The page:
These programs would no doubt entail substantial fiscal hits. While there is justifiable concern over the fiscal path at the moment and the evident lack of fiscal anchor, the Federal Government could run up the net debt-to-GDP ratio to the 60–65% range in a few years and still remain among the least indebted G7 countries based on IMF projections for this year’s net-debt in the G7.

There is nevertheless a clear need for a fiscal anchor. There is no hard and fast rule on the optimal level of debt to help guide the government. Prior to COVID, we considered a general commitment to bring down the debt-to-GDP ratio as a sufficient fiscal anchor. That is no longer the case given the deterioration in the fiscal position and this government’s evident intent on spending to Build Back Better. A more concrete fiscal anchor is needed, along with a firm commitment to achieving it. The Conservative proposal to balance the budget over the next 10 years is a start, assuming there is no recession in that period of time.

An alternative is to explicitly state a maximum level of debt, say 65%, that would be achieved, the time when this is expected to happen, and commit to a gradual reduction in the debt-GDP ratio thereafter. To strengthen such a commitment, the government could legislate a requirement to achieve this reduction in the debt-to-GDP ratio, but there must be some room to allow the government to respond to future economic recessions. Table 1 lays out a hypothetical path for the deficit and debt under these constraints. This path is not a forecast but, rather, suggestive of the type of deficit that could be realized and its impact on debt accumulation.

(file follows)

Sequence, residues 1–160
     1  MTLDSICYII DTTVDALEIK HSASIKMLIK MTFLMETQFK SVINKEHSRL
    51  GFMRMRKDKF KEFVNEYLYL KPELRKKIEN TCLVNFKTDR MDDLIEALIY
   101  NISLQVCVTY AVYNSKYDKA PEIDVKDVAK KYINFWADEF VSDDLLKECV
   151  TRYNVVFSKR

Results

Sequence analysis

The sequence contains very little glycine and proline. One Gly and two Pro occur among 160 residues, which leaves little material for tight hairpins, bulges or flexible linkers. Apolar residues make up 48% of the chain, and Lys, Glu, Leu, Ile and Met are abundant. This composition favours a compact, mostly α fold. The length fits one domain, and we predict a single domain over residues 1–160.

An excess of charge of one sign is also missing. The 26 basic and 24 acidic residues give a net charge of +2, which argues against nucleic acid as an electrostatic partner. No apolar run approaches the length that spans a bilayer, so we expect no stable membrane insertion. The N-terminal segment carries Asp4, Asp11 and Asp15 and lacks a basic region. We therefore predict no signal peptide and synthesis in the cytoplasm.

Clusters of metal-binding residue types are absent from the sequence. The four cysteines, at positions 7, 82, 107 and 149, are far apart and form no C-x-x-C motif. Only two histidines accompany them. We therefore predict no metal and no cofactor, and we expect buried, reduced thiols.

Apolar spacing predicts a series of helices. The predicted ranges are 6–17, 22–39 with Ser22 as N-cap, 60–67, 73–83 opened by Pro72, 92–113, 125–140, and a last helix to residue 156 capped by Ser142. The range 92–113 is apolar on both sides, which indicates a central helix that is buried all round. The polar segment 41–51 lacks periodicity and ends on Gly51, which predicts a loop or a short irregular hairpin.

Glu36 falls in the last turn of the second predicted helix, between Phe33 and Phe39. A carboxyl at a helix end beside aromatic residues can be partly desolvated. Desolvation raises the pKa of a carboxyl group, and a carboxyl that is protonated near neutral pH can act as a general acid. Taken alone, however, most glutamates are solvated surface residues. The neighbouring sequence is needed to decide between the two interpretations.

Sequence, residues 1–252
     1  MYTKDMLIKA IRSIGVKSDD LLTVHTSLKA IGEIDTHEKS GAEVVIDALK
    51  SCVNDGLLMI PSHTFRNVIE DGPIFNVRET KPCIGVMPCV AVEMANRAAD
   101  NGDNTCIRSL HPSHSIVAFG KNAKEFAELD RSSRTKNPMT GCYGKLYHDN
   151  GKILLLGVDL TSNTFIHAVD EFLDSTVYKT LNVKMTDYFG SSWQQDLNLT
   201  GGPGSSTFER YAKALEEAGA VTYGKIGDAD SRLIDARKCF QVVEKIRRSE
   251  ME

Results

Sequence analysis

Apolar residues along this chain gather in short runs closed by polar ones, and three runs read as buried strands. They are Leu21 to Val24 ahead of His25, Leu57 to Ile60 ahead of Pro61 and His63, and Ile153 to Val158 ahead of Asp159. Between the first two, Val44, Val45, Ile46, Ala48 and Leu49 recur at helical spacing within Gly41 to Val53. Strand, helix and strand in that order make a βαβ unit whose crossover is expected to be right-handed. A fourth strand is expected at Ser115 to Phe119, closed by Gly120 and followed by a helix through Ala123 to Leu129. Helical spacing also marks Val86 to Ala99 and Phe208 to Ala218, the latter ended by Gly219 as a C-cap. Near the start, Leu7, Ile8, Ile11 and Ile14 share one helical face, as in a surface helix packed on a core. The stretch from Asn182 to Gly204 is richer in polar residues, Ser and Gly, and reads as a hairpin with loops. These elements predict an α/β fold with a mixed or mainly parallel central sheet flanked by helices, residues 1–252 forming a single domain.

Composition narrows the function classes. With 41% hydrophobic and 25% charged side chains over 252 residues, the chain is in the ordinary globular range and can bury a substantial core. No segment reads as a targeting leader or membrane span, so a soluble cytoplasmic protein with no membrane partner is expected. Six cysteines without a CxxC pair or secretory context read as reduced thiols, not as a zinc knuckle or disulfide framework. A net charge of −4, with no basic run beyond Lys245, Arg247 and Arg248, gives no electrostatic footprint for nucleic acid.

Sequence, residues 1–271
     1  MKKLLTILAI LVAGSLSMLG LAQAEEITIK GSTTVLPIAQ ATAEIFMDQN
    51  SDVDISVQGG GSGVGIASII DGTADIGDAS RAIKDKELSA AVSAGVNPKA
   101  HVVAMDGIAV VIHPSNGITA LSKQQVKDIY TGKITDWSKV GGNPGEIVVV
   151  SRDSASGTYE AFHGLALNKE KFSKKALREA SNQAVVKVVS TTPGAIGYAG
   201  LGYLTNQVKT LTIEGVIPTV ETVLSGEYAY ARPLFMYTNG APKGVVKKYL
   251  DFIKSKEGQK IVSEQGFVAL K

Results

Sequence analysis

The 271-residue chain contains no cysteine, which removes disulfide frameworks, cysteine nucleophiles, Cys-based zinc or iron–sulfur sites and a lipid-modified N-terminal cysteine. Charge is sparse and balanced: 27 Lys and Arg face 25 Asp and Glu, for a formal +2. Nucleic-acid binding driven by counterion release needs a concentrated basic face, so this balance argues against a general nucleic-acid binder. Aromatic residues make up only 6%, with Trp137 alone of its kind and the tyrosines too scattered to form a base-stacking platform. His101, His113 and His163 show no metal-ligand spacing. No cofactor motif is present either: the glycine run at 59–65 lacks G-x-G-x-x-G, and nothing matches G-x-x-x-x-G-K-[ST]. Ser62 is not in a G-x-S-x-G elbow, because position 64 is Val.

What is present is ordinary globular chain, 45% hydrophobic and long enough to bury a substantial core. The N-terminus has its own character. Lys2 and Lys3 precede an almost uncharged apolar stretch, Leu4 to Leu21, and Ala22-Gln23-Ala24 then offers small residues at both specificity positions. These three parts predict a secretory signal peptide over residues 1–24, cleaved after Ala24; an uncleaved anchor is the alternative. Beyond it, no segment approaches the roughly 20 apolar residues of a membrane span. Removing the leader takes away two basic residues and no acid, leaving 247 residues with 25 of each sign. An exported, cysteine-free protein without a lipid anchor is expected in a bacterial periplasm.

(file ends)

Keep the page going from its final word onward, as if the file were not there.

A net debt-to-GDP ceiling of 65% clearly contains fiscal room for the policies we propose herein, while still leading to a reduction in debt-to-GDP by fiscal year 2024/25 (chart 7). Debt servicing costs would still be expected to remain low under such a scenario and not lead to the type of fiscal pressure observed when debt-to-GDP in Canada was last at these levels.



As the recovery advances, there is an imperative to elevate the debate on the quality of spending, not just the quantum. Programs like the ones we propose are designed to raise Canada’s growth potential and would help bring down debt as a share of the economy even faster over the medium term. Broad-based rescue spending has been essential to averting a worst-case scenario for the Canadian economy in the early phases of the crisis, but now is the time for a more contemplative approach to underpinning the Build Back Better mantra with policies that we know will actually deliver on this ambition.